Project description:Transfer RNAs (tRNAs) require the absolutely conserved sequence motif CCA at their 3'-ends, representing the site of aminoacylation. In the majority of organisms, this trinucleotide sequence is not encoded in the genome and thus has to be added post-transcriptionally by the CCA-adding enzyme, a specialized nucleotidyltransferase. In eukaryotic genomes this ubiquitous and highly conserved enzyme family is usually represented by a single gene copy. Analysis of published sequence data allows us to pin down the unusual evolution of eukaryotic CCA-adding enzymes. We show that the CCA-adding enzymes of animals originated from a horizontal gene transfer event in the stem lineage of Holozoa, i.e. Metazoa (animals) and their unicellular relatives, the Choanozoa. The tRNA nucleotidyltransferase, acquired from an ?-proteobacterium, replaced the ancestral enzyme in Metazoa. However, in Choanoflagellata, the group of Choanozoa that is closest to Metazoa, both the ancestral and the horizontally transferred CCA-adding enzymes have survived. Furthermore, our data refute a mitochondrial origin of the animal tRNA nucleotidyltransferases.
Project description:CCA-adding enzymes [ATP(CTP):tRNA nucleotidyltransferases] add CCA onto the 3' end of transfer RNA (tRNA) precursors without using a nucleic acid template. Although the mechanism by which cytosine (C) is selected at position 75 of tRNA has been established, the mechanism by which adenine (A) is selected at position 76 remains elusive. Here, we report five cocrystal structures of the enzyme complexed with both a tRNA mimic and nucleoside triphosphates under catalytically active conditions. These structures suggest that adenosine 5'-monophosphate is incorporated onto the A76 position of the tRNA via a carboxylate-assisted, one-metal-ion mechanism with aspartate 110 functioning as a general base. The discrimination against incorporation of cytidine 5'-triphosphate (CTP) at position 76 arises from improper placement of the ? phosphate of the incoming CTP, which results from the interaction of C with arginine 224 and prevents the nucleophilic attack by the 3' hydroxyl group of cytidine75.
Project description:Transcription in eukaryotes produces a number of long noncoding RNAs (lncRNAs). Two of these, MALAT1 and Men?, generate a tRNA-like small RNA in addition to the mature lncRNA. The stability of these tRNA-like small RNAs and bona fide tRNAs is monitored by the CCA-adding enzyme. Whereas CCA is added to stable tRNAs and tRNA-like transcripts, a second CCA repeat is added to certain unstable transcripts to initiate their degradation. Here, we characterize how these two scenarios are distinguished. Following the first CCA addition cycle, nucleotide binding to the active site triggers a clockwise screw motion, producing torque on the RNA. This ejects stable RNAs, whereas unstable RNAs are refolded while bound to the enzyme and subjected to a second CCA catalytic cycle. Intriguingly, with the CCA-adding enzyme acting as a molecular vise, the RNAs proofread themselves through differential responses to its interrogation between stable and unstable substrates.
Project description:Correct synthesis and maintenance of functional tRNA 3'-CCA-ends is a crucial prerequisite for aminoacylation and must be achieved by the phylogenetically diverse group of tRNA nucleotidyltransferases. While numerous reports on the in vitro characterization exist, robust analysis under in vivo conditions is lacking. Here, we utilize Escherichia coli RNase T, a tRNA-processing enzyme responsible for the tRNA-CCA-end turnover, to generate an in vivo system for the evaluation of A-adding activity. Expression of RNase T results in a prominent growth phenotype that renders the presence of a CCA- or A-adding enzyme essential for cell survival in an E. coli ?cca background. The distinct growth fitness allows for both complementation and selection of enzyme variants in a natural environment. We demonstrate the potential of our system via detection of altered catalytic efficiency and temperature sensitivity. Furthermore, we select functional enzyme variants out of a sequence pool carrying a randomized codon for a highly conserved position essential for catalysis. The presented E. coli-based approach opens up a wide field of future studies including the investigation of tRNA nucleotidyltransferases from all domains of life and the biological relevance of in vitro data concerning their functionality and mode of operation.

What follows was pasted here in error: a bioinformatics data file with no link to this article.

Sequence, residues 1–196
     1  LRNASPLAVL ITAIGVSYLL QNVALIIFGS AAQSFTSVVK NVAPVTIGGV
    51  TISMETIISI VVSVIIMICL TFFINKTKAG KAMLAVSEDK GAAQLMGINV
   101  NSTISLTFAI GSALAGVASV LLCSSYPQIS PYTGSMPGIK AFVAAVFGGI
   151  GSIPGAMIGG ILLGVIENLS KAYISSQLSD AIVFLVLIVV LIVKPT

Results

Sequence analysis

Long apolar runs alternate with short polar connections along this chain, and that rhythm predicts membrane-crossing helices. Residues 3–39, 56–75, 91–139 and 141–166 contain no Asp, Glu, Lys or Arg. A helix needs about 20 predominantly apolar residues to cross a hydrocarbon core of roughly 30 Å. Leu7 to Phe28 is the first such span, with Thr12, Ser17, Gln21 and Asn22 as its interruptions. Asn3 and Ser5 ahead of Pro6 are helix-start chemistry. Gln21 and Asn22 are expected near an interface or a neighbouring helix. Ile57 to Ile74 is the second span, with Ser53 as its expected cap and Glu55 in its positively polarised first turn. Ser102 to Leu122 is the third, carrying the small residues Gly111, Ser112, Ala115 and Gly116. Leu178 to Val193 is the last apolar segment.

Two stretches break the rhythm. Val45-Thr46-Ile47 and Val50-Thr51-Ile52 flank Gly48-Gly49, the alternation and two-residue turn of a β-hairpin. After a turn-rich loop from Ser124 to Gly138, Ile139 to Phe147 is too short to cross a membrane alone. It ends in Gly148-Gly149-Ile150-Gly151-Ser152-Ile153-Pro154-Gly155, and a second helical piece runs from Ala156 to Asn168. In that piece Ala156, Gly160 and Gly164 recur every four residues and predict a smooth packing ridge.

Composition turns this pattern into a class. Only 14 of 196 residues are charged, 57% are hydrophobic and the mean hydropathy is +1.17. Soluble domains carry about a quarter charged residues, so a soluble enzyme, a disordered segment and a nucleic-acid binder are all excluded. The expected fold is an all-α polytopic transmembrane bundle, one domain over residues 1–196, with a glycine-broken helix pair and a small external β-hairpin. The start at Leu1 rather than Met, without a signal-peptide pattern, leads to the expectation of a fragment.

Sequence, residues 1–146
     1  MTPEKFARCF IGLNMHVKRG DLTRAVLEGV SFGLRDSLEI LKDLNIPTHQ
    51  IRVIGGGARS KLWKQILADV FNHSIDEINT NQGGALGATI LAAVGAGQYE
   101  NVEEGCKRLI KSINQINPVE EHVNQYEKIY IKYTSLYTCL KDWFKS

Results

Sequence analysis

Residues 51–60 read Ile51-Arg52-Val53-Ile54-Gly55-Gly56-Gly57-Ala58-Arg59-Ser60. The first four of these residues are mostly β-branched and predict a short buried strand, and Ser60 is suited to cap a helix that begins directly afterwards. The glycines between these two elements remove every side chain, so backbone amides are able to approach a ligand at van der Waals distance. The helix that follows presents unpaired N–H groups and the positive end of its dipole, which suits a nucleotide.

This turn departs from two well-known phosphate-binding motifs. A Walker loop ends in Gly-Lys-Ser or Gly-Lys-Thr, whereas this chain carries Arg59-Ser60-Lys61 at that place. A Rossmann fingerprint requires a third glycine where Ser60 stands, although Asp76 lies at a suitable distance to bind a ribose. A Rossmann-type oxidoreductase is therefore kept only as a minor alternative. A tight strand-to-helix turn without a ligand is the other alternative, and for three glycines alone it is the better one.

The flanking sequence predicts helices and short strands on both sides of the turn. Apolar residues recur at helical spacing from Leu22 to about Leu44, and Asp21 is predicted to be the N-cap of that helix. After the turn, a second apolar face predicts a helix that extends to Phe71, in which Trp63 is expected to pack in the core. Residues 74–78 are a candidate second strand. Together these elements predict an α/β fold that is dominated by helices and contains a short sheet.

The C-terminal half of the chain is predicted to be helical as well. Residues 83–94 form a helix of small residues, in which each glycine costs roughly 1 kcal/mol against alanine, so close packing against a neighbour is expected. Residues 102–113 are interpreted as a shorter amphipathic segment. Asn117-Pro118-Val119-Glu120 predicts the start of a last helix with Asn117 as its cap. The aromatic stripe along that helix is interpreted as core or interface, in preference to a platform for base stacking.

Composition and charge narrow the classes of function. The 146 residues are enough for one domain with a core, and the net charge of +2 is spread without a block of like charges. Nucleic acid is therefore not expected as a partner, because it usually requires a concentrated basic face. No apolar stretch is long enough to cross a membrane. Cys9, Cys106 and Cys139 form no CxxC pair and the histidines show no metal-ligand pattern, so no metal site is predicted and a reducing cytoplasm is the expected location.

Project description:Dictyostelium discoideum, the model organism for the evolutionary supergroup of Amoebozoa, is a social amoeba that, upon starvation, undergoes transition from a unicellular to a multicellular organism. In its genome, we identified two genes encoding for tRNA nucleotidyltransferases. Such pairs of tRNA nucleotidyltransferases usually represent collaborating partial activities catalyzing CC- and A-addition to the tRNA 3'-end, respectively. In D. discoideum, however, both enzymes exhibit identical activities, representing bona-fide CCA-adding enzymes. Detailed characterization of the corresponding activities revealed that both enzymes seem to be essential and are regulated inversely during different developmental stages of D. discoideum. Intriguingly, this is the first description of two functionally equivalent CCA-adding enzymes using the same set of tRNAs and showing a similar distribution within the cell. This situation seems to be a common feature in Dictyostelia, as other members of this phylum carry similar pairs of tRNA nucleotidyltransferase genes in their genome.